This article comes from The Record, a New Jersey newspaper, dated February 28, 2003. There is a black and white photo of Tori that accompanies it with a caption under it that reads, "On her new album, Tori Amos says she's 'exploring a world people think they know about but that's usually far from the truth.'"
This article is in the Go! section of the paper, which is the entertainment section that has all the details about upcoming concerts. The article is meant to inform everyone of Tori's upcoming Radio City shows in New York. Many thanks to Mike Traynor and Lucy for sending it to the Dent.
Trip across America
Tori Amos takes 'Scarlet' down a melodic path
by Ed Condran
It was evident after the release of Tori Amos's third album, 1996's "Boys for Pele," that the quirky flame-haired recording artist was shifting gears.
It was the start of a period in which Amos experimented with abstract arrangements, double albums, and obscure covers. It caused some of the vocalist-pianist's fan base to abandon her, longing for the classic song structure she had delivered on her first two albums, 1992's acclaimed "Little Earthquakes" and 1994's gorgeous "Under the Pink."
Those fans will be happy to know that Amos's latest album, "Scarlet's Walk," marks a return to the days of "Pink." The disc (on Epic) is a warm, melodic work, which follows a woman's physical and spiritual journey across America. Coming off like a sonic novel, "Scarlet" floats from city to city, encountering new lovers and experiences.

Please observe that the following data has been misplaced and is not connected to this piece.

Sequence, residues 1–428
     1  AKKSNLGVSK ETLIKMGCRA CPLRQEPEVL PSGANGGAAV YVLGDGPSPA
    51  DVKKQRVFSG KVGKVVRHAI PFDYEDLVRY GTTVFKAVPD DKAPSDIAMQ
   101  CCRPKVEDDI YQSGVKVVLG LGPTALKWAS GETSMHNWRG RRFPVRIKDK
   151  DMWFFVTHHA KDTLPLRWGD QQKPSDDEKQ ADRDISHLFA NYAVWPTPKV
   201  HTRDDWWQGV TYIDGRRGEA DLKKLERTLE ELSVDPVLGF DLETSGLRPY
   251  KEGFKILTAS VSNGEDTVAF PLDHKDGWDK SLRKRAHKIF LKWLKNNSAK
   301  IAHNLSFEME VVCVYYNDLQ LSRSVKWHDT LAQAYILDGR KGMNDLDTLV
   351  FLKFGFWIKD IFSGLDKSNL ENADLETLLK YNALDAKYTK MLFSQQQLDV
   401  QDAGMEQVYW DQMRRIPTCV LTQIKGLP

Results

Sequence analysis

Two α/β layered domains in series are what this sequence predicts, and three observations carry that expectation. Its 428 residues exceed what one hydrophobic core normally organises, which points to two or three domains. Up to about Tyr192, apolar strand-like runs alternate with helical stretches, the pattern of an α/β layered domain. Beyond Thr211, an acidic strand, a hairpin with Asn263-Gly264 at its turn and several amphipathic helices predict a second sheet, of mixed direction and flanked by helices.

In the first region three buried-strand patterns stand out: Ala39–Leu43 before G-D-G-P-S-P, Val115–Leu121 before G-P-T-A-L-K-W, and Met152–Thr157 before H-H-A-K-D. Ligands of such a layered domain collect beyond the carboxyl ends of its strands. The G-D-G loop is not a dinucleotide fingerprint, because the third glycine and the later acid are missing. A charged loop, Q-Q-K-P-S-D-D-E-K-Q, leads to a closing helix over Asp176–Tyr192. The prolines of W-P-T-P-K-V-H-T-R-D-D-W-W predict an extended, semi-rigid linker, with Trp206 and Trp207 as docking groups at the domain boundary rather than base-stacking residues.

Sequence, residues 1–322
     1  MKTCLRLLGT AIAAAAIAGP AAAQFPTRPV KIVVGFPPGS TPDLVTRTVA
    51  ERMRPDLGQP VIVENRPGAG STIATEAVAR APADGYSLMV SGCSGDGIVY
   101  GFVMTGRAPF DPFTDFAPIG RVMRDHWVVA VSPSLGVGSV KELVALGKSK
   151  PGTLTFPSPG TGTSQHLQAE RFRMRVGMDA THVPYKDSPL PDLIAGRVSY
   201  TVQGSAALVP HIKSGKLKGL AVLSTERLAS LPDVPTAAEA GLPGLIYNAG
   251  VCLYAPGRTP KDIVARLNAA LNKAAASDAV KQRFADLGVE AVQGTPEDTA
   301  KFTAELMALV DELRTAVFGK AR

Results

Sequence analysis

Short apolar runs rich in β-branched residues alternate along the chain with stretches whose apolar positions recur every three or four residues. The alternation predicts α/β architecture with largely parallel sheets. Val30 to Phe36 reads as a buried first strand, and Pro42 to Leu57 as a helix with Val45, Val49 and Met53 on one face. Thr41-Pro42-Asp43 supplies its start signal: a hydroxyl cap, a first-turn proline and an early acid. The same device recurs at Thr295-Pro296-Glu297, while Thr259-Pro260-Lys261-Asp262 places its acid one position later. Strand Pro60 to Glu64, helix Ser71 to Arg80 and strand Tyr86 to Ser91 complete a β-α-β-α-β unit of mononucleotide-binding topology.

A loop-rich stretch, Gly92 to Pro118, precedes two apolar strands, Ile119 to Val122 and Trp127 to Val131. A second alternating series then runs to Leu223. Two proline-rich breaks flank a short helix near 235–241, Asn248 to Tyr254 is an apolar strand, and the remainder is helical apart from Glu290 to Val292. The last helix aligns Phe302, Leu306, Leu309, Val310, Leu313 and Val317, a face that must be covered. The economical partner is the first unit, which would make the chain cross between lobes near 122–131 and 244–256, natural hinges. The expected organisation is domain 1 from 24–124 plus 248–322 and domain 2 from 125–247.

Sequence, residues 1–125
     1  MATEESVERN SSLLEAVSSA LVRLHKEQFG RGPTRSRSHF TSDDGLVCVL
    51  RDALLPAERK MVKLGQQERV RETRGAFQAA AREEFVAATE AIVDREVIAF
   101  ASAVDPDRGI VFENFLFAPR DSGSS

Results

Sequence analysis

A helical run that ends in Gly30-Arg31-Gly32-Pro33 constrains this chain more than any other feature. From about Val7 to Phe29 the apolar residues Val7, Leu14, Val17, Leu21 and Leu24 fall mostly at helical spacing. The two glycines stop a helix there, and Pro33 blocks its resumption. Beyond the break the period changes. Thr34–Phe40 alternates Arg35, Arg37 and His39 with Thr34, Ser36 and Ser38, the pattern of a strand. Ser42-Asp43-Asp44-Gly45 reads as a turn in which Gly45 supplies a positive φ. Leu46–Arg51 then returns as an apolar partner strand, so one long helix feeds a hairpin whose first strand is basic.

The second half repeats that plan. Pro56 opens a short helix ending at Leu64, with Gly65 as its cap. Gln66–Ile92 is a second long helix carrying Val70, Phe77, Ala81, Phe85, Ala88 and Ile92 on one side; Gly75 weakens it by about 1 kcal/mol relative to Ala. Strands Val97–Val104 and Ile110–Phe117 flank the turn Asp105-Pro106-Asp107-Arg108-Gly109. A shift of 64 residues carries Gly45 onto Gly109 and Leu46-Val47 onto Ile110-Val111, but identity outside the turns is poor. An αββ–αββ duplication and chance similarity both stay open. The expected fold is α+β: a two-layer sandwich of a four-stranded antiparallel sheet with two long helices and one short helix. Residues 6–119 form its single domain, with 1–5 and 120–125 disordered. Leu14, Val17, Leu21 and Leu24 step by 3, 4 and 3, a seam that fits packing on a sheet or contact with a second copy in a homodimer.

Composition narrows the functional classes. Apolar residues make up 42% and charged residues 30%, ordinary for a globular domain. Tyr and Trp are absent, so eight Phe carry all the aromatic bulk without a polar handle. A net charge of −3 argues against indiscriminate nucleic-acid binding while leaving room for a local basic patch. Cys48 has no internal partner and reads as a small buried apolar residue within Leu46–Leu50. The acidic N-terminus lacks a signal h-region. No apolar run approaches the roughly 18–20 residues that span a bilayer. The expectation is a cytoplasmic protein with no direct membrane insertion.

"'Scarlet' sometimes has everything to do with me and sometimes she has nothing to do with me," Amos said in a call from Boca Raton, Fla.
The disc's catchy "Amber Waves" kicks off the album, inspired by one of the characters of the film "Boogie Nights" as well as a porn star Amos met.
"I'm exploring a world people think they know about but that's usually far from the truth," she said.
"Sweet Sangria" finds Scarlet in Austin, Texas, where she briefly falls for a Latin revolutionary.
"She can't fight his battle," Amos said. "She believes in his cause but can't load the gun. She doesn't believe in the death of innocents, which mirrors how I feel about what may happen [in Iraq]."
But "I Can't See New York" is the most eerie and poignant track. Scarlet witnesses a plane crash in midair. Amos wrote the song a few months before 9/11.
Amos, 39, will showcase tunes from her new effort at sold-out shows Thursday through Saturday at Radio City Music Hall in Manhattan. All shows will kick off with the atmospheric "Wampum Prayer," followed by the compelling "A Sorta Fairytale."
Throughout the conversation, Amos made occasional references to her tour merchandise.
"You just have to see it," she said. The North Carolina native, who splits time between England and South Florida, finally couldn't help but note what is printed on her tour shirt.
"It says 'Trim Your Bush' and there's a rendering on there you have to see," she said. "The shirt reflects how I feel about the war. The world is a pretty fragile place. We can't just go off and destroy people. It's not just me who feels this way. Just ask Scarlet and she'll tell you the same thing."
WHO: Tori Amos.
WHAT: Alternative rock.
WHEN: 8 p.m. Thursday, next Friday, and March 8.
WHERE: Radio City Music Hall, 50th Street and Sixth Avenue, Manhattan. (212)
HOW MUCH: Sold out.